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This election season, the campaigns seem to have been particularly rancorous, especially for mid-terms. That is in part because of the extreme feelings generated on both sides by this President, but it is also because of a conscious decision by him and other Republicans to focus on immigration as an issue as election approaches.
That is presumably an attempt to increase turnout of Trump’s base but ask anybody on Wall Street and they’ll tell you that what the Republicans should be talking about is the economy. Friday’s jobs report amply demonstrated why that is so, but there is a school of thought that says they should be doing so now, before things turn.
Friday’s report was, when combined with other official data, about as good as it gets. Non-farm-payrolls (jobs in the economy) increased by 250k, well above the consensus 190k estimate going in, with the unemployment rate holding steady at near record lows. More significantly for many Americans, that labor market strength seems to be finally putting upward pressure on wages, which grew by 3.1%, the most since 2009.
Without context, that increase in average wages could have caused a big selloff in stocks as it makes another rate hike this year a virtual certainty and increases the chances of more next year. However, in the context of core inflation that remains around 2% and the fact that job growth is still robust after three hikes already this year, it looks more like good news than bad. The market certainly took it that way, but there are reasons to believe that, as good as the data was, it contains hints of problems to come.
Wage growth of 3.1% is in the “Goldilocks” range. It is enough to give a boost to consumer spending, and therefore GDP growth, but not enough yet to result in any serious upward pressure on prices. The problem is that, as we have seen throughout the recovery, wages are slow to respond to a tightening job market at the moment, making it likely that what we saw this month is the beginning of a trend that could quickly get out of hand.
Remember the Fed has two mandates, to strive for full employment and price stability. You cannot blame them for feeling that on the jobs front the mission has been accomplished, but that was done by adopting aggressive, proactive measures. If they bring the same mindset to countering the threat of inflation it will come as a major shock to a market that has become accustomed to free money and low rates.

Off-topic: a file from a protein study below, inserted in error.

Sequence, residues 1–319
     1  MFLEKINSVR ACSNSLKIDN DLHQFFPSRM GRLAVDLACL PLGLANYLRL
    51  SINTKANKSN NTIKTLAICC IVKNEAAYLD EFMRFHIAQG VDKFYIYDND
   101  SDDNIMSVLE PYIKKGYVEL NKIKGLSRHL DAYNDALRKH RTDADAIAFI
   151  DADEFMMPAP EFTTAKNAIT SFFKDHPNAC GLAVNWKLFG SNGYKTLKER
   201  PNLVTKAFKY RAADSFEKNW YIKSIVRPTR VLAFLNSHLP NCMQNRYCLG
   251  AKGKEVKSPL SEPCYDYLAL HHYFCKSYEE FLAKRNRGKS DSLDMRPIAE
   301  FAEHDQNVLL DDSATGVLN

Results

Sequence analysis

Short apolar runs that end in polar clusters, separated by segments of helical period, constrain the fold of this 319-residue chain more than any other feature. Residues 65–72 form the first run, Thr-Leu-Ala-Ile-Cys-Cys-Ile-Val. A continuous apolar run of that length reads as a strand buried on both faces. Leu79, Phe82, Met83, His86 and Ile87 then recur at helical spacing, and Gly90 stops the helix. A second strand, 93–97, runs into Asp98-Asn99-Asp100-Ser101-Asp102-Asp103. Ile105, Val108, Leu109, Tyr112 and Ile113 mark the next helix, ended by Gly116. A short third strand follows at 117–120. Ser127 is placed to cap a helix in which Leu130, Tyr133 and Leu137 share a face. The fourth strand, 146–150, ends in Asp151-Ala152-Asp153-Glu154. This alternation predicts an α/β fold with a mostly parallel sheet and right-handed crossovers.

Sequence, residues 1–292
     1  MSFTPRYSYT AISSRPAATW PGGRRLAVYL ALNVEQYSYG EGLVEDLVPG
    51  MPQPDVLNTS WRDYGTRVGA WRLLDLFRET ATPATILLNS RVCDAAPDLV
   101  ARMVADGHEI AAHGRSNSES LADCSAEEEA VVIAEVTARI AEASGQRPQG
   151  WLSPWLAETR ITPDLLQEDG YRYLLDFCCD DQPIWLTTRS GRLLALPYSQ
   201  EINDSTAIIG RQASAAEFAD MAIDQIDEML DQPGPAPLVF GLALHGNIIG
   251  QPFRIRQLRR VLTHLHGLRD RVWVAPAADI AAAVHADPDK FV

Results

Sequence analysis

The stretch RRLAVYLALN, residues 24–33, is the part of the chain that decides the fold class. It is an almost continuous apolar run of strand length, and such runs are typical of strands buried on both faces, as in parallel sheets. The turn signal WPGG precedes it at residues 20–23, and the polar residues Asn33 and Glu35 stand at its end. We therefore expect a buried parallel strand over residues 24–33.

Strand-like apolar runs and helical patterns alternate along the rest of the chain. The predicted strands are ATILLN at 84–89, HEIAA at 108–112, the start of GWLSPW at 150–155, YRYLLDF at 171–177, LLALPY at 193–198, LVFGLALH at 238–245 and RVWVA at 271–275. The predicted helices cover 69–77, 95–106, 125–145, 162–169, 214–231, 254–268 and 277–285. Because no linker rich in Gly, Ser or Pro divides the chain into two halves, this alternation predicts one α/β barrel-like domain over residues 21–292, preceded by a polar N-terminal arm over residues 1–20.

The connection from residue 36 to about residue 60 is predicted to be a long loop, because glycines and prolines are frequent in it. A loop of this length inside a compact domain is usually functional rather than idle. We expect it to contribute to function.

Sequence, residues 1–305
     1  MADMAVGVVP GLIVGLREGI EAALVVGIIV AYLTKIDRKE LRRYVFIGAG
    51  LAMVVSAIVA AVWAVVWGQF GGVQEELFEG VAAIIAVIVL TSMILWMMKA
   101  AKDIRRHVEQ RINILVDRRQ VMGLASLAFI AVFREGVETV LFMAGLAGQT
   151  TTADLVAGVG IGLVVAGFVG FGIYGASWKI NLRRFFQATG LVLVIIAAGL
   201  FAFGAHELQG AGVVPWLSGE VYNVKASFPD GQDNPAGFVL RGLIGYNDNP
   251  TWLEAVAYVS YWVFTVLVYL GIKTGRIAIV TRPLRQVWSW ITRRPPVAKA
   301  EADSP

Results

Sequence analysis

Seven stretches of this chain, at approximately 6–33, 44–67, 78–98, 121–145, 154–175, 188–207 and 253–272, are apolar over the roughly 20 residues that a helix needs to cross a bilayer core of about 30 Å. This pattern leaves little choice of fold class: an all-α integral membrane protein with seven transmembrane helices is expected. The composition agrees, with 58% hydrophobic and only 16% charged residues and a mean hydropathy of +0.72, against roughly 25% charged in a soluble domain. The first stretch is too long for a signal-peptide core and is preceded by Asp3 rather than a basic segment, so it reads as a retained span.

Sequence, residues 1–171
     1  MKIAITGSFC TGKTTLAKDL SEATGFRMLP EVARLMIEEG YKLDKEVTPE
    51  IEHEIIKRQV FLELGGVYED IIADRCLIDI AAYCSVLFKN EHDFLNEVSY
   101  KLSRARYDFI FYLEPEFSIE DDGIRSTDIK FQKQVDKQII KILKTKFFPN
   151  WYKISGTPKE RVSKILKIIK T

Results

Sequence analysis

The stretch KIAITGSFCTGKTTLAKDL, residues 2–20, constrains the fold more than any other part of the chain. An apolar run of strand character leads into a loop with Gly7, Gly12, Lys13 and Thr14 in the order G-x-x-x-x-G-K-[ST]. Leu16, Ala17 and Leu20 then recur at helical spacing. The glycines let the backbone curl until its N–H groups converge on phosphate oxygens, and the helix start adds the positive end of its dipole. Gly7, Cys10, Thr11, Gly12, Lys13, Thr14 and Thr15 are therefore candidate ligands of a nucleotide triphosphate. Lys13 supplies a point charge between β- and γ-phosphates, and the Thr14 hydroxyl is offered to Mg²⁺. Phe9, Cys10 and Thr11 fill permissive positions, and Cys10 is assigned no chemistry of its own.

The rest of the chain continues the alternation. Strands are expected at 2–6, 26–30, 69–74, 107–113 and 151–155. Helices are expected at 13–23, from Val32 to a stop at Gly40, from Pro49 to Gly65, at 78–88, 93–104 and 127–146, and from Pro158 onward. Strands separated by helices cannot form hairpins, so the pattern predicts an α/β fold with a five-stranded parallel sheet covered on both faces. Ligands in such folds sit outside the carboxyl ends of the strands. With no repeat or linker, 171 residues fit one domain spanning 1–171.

What they have done so far has been quite easily withstood by a strong and growing economy but that will change quickly if they decide that slowing growth significantly is the right thing to do for the long-term good or inadvertently overstep the mark. There are indications that we are close to that mark already.
Growth-sensitive commodity markets such as oil have faltered after responding to the strong growth figures earlier this year and, more importantly in many ways, the dollar is at its highest point for several years.
Upward wage pressure can easily be absorbed by an economy that is firing on all cylinders, but dollar strength will have a much faster effect that is harder to avoid. It makes exports from the U.S. more expensive and no matter how much some in the administration may try to deny it, the American economy is based on trade.
To a wonk like me there is a beauty to this. The strong economy makes the currency attractive, then a stronger currency slows the economy. If that goes too far then it works in reverse.
The point is though that there is very little policy-makers can do about it. It is controlled by Adam Smith’s “invisible hand.” You can negotiate all the deals you want, but if American goods aren’t competitive, it will slam the brakes on growth.
So, as strong as Friday’s data report was, there may contain a danger to that strength. For now, however, things are better than they have been for a long time. You can argue that if the stock market is your guide, Trump still has a long way to go to beat Obama, who presided over a tripling of the S&P. Or, as I would prefer to argue, the economy does its thing despite, not because of, politicians.
Even so, economic strength like this is rare going into an election and the Republicans could be wasting a major opportunity by not focusing on that full time.